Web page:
Ron Paul: Well, I think they take action steadily, you know, he announced that he would keep interest rates down to practically 0% up until 2013. Well, that’s major action. He doesn’t call it QE, but in a way it is. How do you keep interest rates down that low? You have to steadily buy debt. He has guaranteed that there would be no relinquishing on his efforts to continue the monetization of debt, so that’s it, that’s how we got into trouble. Even when Greenspan was in, it was said that he kept interest rates too low for too long. Well, that was in a way a quantitative easing. That’s all the Fed can do, they do it steadily, that’s the only tool that they have and at times they have surges in their buying of debt and in injecting more money. But the problems are always there, it’s always covered up, and that is the problem, it cannot be a solution.
News Anchor: How would a President Ron Paul work with Ben Bernanke, because as critical as you’ve been, you guys would be stuck working together if you were elected, Congressman Paul, wouldn’t you be?
Ron Paul: Yea, I thought the Fed was supposed to be independent, that’s what they argue all the time. Of course, the President always works with them. And it isn’t Bernanke himself that’s the problem, it’s the system. It’s the system that you have of no restraints on monetary authority, which means you have no restraints on spending because the Congress does not have to be responsible. So in a way, Bernanke was somewhat correct the other day when he said, “I throw up my hands, I can’t do it anymore, it’s all up to the Congress”. But he could do a lot more. Congress should quit spending and then they don’t put the pressure on the Fed to monetize. But if the Federal Reserve was not allowed to monetize, the Congress would see the interest rates rising and there would be an automatic check on it. So no, Bernanke, you’re not supposed to run the Federal Reserve, that is all a farce. They complained and I always argued that they’re independent, but it’s the system that you have to address and someday we’ll have to. Not because all of a sudden people will gain wisdom, but because this system is on its last legs. The dollar reserve standard of the world is failing and that’s why the world is in chaos.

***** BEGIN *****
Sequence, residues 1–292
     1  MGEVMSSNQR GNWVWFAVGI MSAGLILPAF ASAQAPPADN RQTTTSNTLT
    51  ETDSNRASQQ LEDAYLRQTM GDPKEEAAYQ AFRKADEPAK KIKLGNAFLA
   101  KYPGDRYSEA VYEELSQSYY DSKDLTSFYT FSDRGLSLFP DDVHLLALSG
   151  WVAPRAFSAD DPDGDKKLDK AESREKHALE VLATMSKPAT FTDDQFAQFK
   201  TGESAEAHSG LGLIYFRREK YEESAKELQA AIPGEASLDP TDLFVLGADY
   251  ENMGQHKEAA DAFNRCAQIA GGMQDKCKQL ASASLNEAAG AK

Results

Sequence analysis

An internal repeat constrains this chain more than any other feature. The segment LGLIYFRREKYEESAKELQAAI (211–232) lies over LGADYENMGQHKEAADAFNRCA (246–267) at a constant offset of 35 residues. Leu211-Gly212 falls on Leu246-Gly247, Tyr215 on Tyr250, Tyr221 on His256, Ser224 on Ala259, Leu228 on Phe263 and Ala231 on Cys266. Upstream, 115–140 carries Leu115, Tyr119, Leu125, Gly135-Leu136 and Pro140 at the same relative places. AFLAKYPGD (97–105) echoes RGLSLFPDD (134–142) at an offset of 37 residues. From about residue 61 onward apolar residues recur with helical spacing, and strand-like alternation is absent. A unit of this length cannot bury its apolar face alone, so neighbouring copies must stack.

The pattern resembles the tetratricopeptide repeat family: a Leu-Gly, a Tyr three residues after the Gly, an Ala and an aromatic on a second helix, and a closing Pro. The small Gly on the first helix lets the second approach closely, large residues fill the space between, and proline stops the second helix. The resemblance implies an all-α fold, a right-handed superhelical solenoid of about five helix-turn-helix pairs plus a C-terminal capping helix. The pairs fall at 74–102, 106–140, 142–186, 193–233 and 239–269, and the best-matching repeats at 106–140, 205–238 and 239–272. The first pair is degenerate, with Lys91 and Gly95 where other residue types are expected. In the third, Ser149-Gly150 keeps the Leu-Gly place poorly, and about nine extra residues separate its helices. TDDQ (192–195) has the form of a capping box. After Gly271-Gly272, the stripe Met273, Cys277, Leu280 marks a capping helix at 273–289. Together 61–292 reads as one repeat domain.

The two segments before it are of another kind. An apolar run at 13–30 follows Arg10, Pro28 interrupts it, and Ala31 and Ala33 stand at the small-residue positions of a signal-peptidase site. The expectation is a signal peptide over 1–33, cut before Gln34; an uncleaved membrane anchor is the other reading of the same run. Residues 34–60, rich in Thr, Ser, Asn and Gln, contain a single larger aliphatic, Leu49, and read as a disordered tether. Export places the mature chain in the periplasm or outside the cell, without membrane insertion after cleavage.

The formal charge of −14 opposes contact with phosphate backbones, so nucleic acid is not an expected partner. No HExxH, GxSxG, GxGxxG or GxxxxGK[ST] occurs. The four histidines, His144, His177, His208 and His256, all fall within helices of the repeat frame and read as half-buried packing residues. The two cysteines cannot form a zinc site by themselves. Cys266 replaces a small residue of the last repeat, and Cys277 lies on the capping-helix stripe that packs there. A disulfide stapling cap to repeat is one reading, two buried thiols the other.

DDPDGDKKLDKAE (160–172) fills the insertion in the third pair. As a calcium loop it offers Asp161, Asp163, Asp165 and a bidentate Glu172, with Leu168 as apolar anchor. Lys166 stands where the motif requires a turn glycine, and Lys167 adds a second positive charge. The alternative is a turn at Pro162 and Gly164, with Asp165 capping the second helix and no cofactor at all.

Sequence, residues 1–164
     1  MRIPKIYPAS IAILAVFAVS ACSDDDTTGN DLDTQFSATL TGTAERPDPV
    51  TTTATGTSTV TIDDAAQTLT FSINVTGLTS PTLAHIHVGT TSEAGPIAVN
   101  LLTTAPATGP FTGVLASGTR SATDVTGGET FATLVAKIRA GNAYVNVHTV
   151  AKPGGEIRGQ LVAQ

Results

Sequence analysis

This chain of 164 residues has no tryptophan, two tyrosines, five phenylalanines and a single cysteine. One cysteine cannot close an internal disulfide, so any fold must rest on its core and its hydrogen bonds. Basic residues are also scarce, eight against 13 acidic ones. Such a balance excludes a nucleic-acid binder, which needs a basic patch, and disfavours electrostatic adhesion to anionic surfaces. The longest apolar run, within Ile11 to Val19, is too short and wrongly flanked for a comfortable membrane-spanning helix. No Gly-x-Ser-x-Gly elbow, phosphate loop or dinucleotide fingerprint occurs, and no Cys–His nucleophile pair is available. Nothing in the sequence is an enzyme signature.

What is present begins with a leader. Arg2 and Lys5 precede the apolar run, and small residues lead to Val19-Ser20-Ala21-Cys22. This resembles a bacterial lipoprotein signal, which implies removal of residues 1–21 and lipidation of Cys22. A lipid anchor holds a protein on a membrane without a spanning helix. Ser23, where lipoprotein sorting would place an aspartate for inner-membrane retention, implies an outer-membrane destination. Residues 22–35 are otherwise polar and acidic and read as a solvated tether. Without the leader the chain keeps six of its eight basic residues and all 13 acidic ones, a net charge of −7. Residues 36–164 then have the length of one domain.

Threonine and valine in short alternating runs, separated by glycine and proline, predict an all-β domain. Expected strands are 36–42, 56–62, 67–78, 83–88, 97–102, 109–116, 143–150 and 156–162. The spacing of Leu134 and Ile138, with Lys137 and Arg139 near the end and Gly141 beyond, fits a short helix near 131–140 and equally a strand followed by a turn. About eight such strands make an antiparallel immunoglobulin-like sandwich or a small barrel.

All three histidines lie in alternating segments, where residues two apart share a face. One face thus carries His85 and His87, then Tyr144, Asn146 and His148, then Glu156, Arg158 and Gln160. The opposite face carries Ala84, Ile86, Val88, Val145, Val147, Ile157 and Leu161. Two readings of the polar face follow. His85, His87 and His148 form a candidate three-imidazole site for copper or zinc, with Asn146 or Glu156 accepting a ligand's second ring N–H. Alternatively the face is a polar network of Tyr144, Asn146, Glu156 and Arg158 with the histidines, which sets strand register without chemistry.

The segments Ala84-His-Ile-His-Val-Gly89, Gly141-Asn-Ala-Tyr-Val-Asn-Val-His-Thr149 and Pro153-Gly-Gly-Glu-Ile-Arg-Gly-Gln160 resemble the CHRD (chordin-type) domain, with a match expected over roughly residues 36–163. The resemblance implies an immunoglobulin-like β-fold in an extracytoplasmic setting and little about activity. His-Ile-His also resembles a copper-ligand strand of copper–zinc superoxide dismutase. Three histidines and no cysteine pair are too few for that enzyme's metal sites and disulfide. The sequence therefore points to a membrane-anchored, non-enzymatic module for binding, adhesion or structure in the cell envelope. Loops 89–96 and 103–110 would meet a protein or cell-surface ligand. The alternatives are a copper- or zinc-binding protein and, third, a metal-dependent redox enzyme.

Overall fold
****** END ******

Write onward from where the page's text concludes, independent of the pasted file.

News Anchor: Let me ask you a little bit about the campaign then. You’ve had success certainly in Iowa in the straw poll, and we were talking earlier about how you’ve moved up in some of the other polls. It will be interesting to see – and we talk about this all the time -how the campaign develops over time. People always try to make it into top tier and bottom tier; all this kind of handicapping so early in the race. But how do you see it developing, because inevitably somebody is going to drop out, it already happened with Tim Pawlenty. As that happens, do supporters of certain candidates go to you? Or is this theory that some have thrown out correct that the supporters that Ron Paul is going to get already support him, it’s such a strong base of support. But how will you be able to expand upon that base?
Ron Paul: All I know is my job is to keep doing what I have been doing for 30 years, and all of a sudden there has been a surge of interests in what I’ve been doing, and there’s certainly a need. The people are tired of the wars, they know there’s something wrong with the Federal Reserve, they know the spending is a tremendous hazard to us, so people are coming over. And the one thing that all the polls show is that if you are a Ron Paul supporter, you usually don’t leave, so there’s no bouncing up and down. With the other ones, you know, there’s a lot of shifting around. So when new people enter the race, they say, “Oh, what’s he going to do to him?” Well, it doesn’t do anything to me, it just dilutes the other field. But I think we have steady growth, that’s about all I can say, and it’s been that way over many years and certainly over the last 4 years we have seen this happening.
News Anchor: Well, let me follow up on that point because you’re probably right about that in terms of you’re not losing support. So let’s say Rick Perry enters the race or whoever might still make a late entry into the race, you don’t necessarily lose any of your core supporters there. But when someone leaves the race, are you able to kind of broaden the scope enough or be attractive enough to people who don’t currently support you and may support somebody else who’s still running but will still at some point drop out? For example, a Pawlenty supporter coming to you; do you see enough of that or will you be able to do enough of that?
Ron Paul: Well, it remains to be seen, but yes we see it all the time because that’s where our growth would have to come from, but I don’t know if anybody can actually measure that. We’re always reaching out to people and the longer the time goes on, the more appropriate our view seems to be.
News Anchor: Alright, Congressman Paul, it was good to talk to you again. We’ll check back as the campaign continues. Thanks for coming on.
Ron Paul: Sure thing.
News Anchor: Congressman Ron Paul running for President on the Republican side.